Photo Credit: Gwen Dildine

Perhaps the first ride of the season on this spring morning, the Mill Creek Route heads straight from town, through farmland, over the creek, and into the mountains. The wineries along the way might not quite be open yet, but there are plenty of breakfast spots in town ready to help you recharge.

Events & Resources

Many biking and cycling events are happening around town from road to gravel to mountain. The annual Tour of Walla Walla is always exciting for spectator and rider alike, and Walla Walla Grit is definitely an event that tests both rider and equipment.

Connect with local groups for organized rides, events, and workshops happening throughout the week. Allegro Cyclery and Bicycle Barn run a number of group rides around the valley that take riders on and off pavement depending on preference.

Join a more competitive group to challenge yourself, or take on a recreational ride to unwind from a day at work. In winter months, Bicycle Barn even offers riders the opportunity to train as a group indoors, so between the two shops there is plenty to keep everyone busy. Consider adding these shops to your favorite social media hub to stay up to date on the latest ride announcements.

Both shops are always incredibly helpful, encouraging, and inviting, so don’t hesitate to walk in and ask all your newbie questions. They will get you rolling. On summer mornings, downtown breakfast spots are often full of riders in their gear, clanking to their table, and enjoying a few carbs after a ride. Don’t hesitate to rock your spandex around town--recreate as you are!

If you aren’t quite race ready, there are also quite a few organized rides that happen almost daily. The community is definitely two-wheel friendly, so bring a bike, rent one, or free it from the garage and hit the road (figuratively, of course).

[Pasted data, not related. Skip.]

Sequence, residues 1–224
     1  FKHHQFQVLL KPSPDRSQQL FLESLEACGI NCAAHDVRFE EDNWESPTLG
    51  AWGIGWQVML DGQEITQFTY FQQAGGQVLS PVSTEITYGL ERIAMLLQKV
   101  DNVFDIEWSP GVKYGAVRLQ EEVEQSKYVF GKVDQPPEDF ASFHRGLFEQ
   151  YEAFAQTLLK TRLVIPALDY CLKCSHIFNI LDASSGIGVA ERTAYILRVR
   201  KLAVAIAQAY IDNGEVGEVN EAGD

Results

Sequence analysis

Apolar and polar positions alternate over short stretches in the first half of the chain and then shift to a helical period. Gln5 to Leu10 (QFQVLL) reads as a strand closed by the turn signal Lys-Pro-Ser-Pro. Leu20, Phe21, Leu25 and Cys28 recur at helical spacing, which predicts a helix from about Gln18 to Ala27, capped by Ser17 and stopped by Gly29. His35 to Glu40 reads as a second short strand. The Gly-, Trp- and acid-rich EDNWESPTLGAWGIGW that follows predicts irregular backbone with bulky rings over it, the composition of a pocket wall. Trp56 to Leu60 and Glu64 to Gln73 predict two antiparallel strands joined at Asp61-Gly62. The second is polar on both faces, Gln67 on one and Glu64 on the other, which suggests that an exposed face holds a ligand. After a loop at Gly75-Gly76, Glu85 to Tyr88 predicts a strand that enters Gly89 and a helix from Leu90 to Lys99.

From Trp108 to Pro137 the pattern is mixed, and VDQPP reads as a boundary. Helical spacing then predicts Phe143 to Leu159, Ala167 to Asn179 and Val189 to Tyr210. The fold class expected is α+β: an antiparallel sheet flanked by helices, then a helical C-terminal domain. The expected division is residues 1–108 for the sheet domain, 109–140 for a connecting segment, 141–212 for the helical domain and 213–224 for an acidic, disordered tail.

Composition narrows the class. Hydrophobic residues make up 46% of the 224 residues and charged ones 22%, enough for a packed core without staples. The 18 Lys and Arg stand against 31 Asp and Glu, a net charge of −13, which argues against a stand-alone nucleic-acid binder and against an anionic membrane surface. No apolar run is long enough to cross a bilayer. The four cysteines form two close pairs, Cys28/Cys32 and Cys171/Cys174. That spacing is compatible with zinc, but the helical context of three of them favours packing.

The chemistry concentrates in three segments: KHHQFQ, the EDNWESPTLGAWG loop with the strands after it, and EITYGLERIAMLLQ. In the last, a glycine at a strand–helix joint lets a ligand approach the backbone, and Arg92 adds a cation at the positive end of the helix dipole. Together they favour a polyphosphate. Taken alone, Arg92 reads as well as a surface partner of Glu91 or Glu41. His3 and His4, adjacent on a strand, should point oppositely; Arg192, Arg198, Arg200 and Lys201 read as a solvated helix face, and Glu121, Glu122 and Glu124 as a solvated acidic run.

Riding by Rules and Regulations

Since we are relatively new to the mountain biking community, we researched what was expected of us on the trail. This led us to the International Mountain Bicycling Association (IMBA) based in Boulder, Colorado.

In 1988 they developed six rules of the trail that encourage riders to ride on open trails, leave no trace, control your bike, yield to others, never scare animals, and plan ahead. Check out the full details at Rules of the Trail. As a fun fact, they are also the organization that started the yield triangle to help all users of trails standardize trail etiquette.

Regarding cycling, the State of Washington considers those on a bicycle a vulnerable user of a public way. Washington does not mandate helmets, but please wear a helmet.

The state does not define which lane riders use, but if slower than the flow of traffic, ride as far to the right as possible. Perhaps of most use is the vehicle detection error law that allows riders to proceed through a traffic signal if that signal fails to respond to the rider.

For more light reading, visit the Washington State Legislature website on the Revised Code of Washington, specifically Chapter 46.61.760. Impress all your cycling buddies with your newfound knowledge.

Gravel Roads

Seemingly endless gravel roads spiderweb through the valley and into the Blue Mountains. While they serve as the lifeline to transporting massive amounts of any number of crops out of the field, the well-maintained gravel routes in the area are truly roads less traveled.

Mountain Trails

A decent number of mountain biking opportunities exist in the Blue Mountains. With two Wilderness Areas in our backyard, sometimes navigating which trails allow for what activities can get tricky. You are in luck--we are constantly studying the maps and hopping on our bikes to give you new, challenging places to explore on two wheels.

Road Routes

The Walla Walla Valley Cycling Map illustrates six named loops covering over 150 miles. These loops take cyclists into the mountains, through our iconic rolling wheat fields, and even across the border into Oregon. Other routes illustrated also show folks everything from convenient in-town routes to expert rides. We've scouted the routes and compiled related information to help you down the road.